Desegregation of Pennsylvania Schools

An event here in September 1880 led to the end of segregation by race in the state's public schools. At the South Ward schools, Elias Allen tried unsuccessfully to enroll his two children. He appealed to the Crawford County Court of Common Pleas, and Judge Pearson Church declared unconstitutional the 1854 state law mandating separate schools for Negro children. This law was amended, effective July 4, 1881, to prohibit such segregation.

By the mid 19th century, there were several established black communities in counties all across Pennsylvania, including Crawford County. Segregationists passed several laws during this time in an attempt to take away rights from African Americans living in the state, including an 1854 law that enforced segregation in public schools. Twenty-six years later, Elias Allen attempted to enroll two of his children, Mary (age 8), and Charles (age 6) into the Huidekoper Grammar School. This was a white only school, and because the Allens were black, Mary and Charles’ admissions were rejected by the school board. In response, Allen officially sued the School Board on October 1st, 1880, petitioning to the Crawford County Court of Common Pleas. 

In the petition, Allen listed his reasons for wishing to enroll his children into the white only school. Some of these reasons included the fact that he was a lawful, taxpaying citizen of America with constitutional rights, the Huidekoper Grammar School was much closer for his kids to walk to as opposed to the black and mixed race school (.25 miles vs .8 miles), the white only school was graded, meaning they had teachers and structured classrooms, was better quality overall, had room for additional students, and his kids had the grades that would qualify them to enrol in that school.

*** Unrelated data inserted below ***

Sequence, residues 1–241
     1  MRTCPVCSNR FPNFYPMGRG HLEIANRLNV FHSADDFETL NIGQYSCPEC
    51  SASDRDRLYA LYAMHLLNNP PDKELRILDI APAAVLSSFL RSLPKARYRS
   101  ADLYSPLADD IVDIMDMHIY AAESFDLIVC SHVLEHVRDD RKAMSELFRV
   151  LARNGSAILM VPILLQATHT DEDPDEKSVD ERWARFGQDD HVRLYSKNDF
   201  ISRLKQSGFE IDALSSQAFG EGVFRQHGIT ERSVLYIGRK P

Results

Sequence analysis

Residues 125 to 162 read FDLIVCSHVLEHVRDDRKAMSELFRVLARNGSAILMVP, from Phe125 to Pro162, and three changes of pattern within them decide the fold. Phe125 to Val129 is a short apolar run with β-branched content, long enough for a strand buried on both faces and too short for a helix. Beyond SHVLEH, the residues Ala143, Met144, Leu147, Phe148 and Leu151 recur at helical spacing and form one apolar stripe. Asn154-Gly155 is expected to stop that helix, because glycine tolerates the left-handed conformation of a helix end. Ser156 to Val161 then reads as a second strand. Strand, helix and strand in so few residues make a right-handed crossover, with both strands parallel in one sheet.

The School Board responded to that petition later that month, denying Allen's children admission. They cited the 1854 law of Pennsylvania segregation of public schools, saying they could not do so under law. The rebuttal also stated Allen should not have to send his kids to their school, as the black and mixed race school was just as good quality, and more fitting for his kids. This was false, as the black only school received less funding than the other schools, was smaller, lower quality, and had only one teacher teaching multiple grades. Allen’s lawyer put out another rebuttal in November, stating that the Board’s claims were false. This went on for some time until Judge Pearson’s court decision on May 10th, 1881. In the verdict, he declared that the 1854 law was unconstitutional, overruling it and demanding that the School Board accept Allen’s kids. Allen vs Meadville was a success, and the law went into effect on July 4th, 1881.

Not much is known about what happened to Allen and his family after the verdict.